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Looking at the above by the way.......

Yonge Downtown was supposed to start this year, originally, but was pushed out as various agencies weren't ready

Yonge North York was aiming for 2026, not sure if that's still true, but it has to wait for the ring road projects to finish.

John should happen next year.

Bay is tied to the Waterfront East LRT

UTSC is tied to projects led by the University, who will be covering much of the cost of the work.
 
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Capital Budget:

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Substantially deferred for another year with only 1M flowing in 2024 on the left.

More money in 2025, then real money in each of 2026, 2027, 2028 and 2029

What a bizarre way to manage a project and cause it to be more costly than would otherwise be the case if you staged and built in one year only.
 
Capital Budget:

View attachment 532740

Substantially deferred for another year with only 1M flowing in 2024 on the left.

More money in 2025, then real money in each of 2026, 2027, 2028 and 2029

What a bizarre way to manage a project and cause it to be more costly than would otherwise be the case if you staged and built in one year only.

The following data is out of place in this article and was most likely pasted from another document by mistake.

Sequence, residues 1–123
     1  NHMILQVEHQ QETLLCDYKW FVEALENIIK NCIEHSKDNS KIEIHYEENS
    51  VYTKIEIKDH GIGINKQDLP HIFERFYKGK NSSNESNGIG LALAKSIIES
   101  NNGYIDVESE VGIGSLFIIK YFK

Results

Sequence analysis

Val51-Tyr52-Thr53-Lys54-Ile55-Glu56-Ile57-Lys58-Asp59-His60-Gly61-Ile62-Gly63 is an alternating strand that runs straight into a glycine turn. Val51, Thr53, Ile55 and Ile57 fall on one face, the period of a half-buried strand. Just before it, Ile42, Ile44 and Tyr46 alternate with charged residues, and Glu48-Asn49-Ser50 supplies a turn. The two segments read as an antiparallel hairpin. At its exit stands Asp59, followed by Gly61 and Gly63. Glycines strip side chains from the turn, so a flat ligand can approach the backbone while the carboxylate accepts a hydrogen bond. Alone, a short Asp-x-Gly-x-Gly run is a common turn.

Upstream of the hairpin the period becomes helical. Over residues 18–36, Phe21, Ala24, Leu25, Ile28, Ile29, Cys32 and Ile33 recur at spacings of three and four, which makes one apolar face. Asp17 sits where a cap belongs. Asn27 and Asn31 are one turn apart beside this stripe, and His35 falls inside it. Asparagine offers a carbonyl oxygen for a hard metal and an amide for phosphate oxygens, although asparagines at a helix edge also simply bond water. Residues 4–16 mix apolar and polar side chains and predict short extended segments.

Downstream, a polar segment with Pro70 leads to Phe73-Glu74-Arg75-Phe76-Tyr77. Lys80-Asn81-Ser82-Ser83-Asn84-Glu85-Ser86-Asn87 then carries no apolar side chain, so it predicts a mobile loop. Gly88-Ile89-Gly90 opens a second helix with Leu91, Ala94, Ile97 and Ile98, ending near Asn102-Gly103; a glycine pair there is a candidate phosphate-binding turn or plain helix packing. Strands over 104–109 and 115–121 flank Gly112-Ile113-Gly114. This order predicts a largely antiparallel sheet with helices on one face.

Thanks. But I am unclear as to why a repaving and decorative brick/streetlights takes so many years?
 
Because the city doesn’t care and pushes these projects out. They like announcing projects but not implementing. When is the King St proper makeover supposed to happen? Right , never as it’s not funded. So the King Pilot remains as a pilot for almost a decade. Sad.
 
Capital Budget:

View attachment 532740

Substantially deferred for another year with only 1M flowing in 2024 on the left.

More money in 2025, then real money in each of 2026, 2027, 2028 and 2029

What a bizarre way to manage a project and cause it to be more costly than would otherwise be the case if you staged and built in one year only.

I have to say the scheduling of this project is embarrassing.

The City has let John Street decay since 2012. Detailed design has been finished since 2016. I realize Toronto Hydro took its sweet time from 2018-2022 to do work, but this project should have been ready to go as of January, 2023.

As it is, John Street is a mess. The roadway is potholed and missing lane markings. The sidewalk, particularly between Adelaide and Queen, is a patchy deathtrap.

I'm also keen to know how it costs ~$58 million over six years to rebuild less than 1km of roadway. I certainly hope there are maintenance or programming costs included in this amount.
 
I think the city is just waiting for John Street to completely crumble apart with a nice big sinkhole before they finally spring into action.

Until then we can sit back and count how many people will sue the city over at lawsuit lane with how horrid the conditions are here. If one wants to make a quick buck, just walk or drive along John and that should do the trick.
 
I'm looking at the way the money is parceled and it suggests doing more or less 1-2 blocks per year. (125M) at an average cost of ~13M per section.

That's over 100M per km.
 
Thank you as this was the sort of answer that I was looking for!

YW, let me add to what I'm saying.........in answer to your originally query.

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This way of managing the project makes no sense to me at all; and there is no reason it should be delivered in this manner that I can think of.